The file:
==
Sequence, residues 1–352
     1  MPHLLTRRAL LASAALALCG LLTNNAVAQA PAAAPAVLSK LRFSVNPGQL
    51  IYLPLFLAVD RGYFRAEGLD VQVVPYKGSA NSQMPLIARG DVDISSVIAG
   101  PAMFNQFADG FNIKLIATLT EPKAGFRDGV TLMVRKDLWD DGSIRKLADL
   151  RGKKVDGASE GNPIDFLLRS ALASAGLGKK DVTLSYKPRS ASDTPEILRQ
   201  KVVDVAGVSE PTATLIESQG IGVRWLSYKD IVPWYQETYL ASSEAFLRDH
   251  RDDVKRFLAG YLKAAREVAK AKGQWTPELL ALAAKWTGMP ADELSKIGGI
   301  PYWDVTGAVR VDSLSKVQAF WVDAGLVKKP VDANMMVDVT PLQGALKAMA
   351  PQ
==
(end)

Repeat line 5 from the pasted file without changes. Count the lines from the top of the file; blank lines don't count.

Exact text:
   151  RGKKVDGASE GNPIDFLLRS ALASAGLGKK DVTLSYKPRS ASDTPEILRQ